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Therapeutic jurisprudence (TJ) is flourishing. There is a proliferation of articles being published. In addition, books are being written, and in the past several years, conferences devoted to TJ have been held. (For a listing of over 300 books and articles, see http://www.law.arizona.edu/upr-intj and follow the “Cumulative Bibliography” link.) Some recent examples: Professors Bruce Winick and David Wexler, who developed the TI concept, teamed with former University of Denver Law Dean Edward Dauer (internationally known for his work in preventive law) to edit a special issue of the journal Psychology, Public Policy, and Law on “Therapeutic Jurisprudence and Preventive Law: Transforming Legal Practice and Education” (volume 5, number 4, 1999). Judge Steve Leben (Johnson County, Kansas), editor of Court Review: The Journal of the American Judges Association, organized a special issue of the journal on TI (volume 37, issue 1, 2000). In addition, the Second International Conference on Therapeutic Jurisprudence will be held on 3-5 May, 2001, at the Kingsgate Conference Center at the University of Cincinnati. One can find out about various TJ activities from the web site hosted by the International Network on Therapeutic Jurisprudence at the above web address.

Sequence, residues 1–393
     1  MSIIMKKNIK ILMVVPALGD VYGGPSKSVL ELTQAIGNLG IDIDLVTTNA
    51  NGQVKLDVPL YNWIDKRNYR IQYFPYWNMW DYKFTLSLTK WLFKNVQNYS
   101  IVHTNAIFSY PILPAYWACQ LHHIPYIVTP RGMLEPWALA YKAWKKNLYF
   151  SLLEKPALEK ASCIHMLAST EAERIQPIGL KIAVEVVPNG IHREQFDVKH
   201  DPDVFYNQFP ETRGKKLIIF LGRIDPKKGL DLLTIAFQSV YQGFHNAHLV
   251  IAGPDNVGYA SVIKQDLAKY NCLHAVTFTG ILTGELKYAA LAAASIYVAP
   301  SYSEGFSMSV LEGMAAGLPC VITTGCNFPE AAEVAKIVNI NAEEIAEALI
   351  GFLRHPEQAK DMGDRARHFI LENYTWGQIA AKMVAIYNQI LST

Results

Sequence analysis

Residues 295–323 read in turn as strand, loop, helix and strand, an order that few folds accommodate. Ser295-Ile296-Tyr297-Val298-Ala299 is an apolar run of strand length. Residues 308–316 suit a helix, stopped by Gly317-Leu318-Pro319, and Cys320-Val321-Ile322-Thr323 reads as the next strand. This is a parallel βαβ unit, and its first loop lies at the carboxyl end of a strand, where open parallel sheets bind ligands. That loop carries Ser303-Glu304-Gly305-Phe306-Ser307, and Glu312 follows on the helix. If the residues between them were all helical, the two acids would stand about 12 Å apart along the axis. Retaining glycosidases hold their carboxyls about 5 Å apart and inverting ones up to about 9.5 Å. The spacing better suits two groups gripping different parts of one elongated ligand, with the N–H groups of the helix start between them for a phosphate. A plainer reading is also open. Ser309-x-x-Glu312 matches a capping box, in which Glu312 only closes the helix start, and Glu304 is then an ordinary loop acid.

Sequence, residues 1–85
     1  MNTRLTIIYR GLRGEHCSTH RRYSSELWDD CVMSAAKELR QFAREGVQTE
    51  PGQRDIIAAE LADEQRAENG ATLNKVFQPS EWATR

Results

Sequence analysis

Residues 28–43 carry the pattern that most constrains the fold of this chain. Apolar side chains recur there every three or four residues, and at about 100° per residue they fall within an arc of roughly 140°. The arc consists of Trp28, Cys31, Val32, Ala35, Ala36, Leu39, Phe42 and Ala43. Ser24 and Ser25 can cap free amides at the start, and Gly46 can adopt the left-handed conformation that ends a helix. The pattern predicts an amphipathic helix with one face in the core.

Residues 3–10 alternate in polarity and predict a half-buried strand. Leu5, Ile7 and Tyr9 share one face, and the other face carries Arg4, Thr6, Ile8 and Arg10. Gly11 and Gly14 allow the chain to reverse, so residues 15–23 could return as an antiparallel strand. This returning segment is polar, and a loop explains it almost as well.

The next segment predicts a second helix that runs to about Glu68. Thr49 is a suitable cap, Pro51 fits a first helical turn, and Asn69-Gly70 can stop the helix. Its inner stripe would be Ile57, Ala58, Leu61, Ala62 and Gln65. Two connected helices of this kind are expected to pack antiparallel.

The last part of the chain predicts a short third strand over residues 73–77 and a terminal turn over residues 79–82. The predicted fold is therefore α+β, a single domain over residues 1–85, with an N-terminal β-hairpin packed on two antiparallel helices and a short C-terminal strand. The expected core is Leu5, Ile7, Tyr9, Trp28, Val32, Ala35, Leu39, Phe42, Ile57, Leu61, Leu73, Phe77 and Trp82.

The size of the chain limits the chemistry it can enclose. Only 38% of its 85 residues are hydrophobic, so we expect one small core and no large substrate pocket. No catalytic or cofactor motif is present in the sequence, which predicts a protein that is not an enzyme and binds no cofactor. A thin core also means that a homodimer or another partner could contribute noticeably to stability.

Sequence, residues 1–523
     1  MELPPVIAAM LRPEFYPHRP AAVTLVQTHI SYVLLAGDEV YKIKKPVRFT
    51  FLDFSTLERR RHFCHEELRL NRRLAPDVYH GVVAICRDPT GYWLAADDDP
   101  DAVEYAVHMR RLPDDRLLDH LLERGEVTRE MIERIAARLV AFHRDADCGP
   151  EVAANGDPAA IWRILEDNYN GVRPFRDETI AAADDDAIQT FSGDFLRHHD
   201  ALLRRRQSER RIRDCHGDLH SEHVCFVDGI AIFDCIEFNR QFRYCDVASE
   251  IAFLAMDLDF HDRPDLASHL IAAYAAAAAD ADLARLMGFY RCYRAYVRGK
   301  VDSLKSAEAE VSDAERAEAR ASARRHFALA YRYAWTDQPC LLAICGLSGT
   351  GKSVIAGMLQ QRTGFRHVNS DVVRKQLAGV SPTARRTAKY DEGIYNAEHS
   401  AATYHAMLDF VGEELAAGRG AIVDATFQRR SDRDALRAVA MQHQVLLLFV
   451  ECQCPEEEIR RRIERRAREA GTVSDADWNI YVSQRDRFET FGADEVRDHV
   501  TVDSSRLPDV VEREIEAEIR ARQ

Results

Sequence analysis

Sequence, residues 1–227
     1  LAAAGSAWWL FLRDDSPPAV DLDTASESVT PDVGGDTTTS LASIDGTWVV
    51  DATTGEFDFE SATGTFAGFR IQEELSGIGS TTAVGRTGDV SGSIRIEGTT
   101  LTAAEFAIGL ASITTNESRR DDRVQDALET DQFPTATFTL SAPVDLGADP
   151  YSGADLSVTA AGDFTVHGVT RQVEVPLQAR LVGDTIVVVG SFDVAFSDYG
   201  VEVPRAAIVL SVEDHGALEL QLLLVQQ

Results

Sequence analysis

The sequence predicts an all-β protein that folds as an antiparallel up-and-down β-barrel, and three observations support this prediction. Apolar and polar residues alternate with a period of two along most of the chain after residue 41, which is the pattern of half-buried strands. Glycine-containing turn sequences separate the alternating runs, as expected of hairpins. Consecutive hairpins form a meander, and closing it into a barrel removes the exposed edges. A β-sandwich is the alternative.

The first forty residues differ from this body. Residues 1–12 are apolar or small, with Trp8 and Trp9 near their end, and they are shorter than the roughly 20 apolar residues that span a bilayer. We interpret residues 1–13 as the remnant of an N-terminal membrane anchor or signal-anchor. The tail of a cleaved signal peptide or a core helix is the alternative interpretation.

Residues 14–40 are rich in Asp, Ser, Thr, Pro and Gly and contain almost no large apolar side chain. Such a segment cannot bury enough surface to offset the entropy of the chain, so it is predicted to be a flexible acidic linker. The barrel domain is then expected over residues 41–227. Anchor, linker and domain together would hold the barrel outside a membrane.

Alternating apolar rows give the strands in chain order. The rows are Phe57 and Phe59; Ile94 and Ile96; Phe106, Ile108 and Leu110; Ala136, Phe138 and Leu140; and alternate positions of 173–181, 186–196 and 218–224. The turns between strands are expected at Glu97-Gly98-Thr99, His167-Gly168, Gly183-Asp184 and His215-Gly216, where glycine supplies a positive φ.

We are pleased that BS&L is another scholarly journal participating in international TI efforts. Last year, BS&L published the first of two special issues on TI (volume 17, number 5, 1999). The first issue contained several articles that originated as papers presented at the First International Conference on Therapeutic Jurisprudence held in Winchester, UK, in the summer of 1998. The present issue is the second of the two issues, and it includes five more articles that started as Winchester conference papers (Allan & Allan; Birgden & Vincent; Drogin; Elbogen & Tomkins; and McGuire), along with three other articles not from the Winchester conference (Casey & Rottman; Levine; and Slobogin & Fondacaro).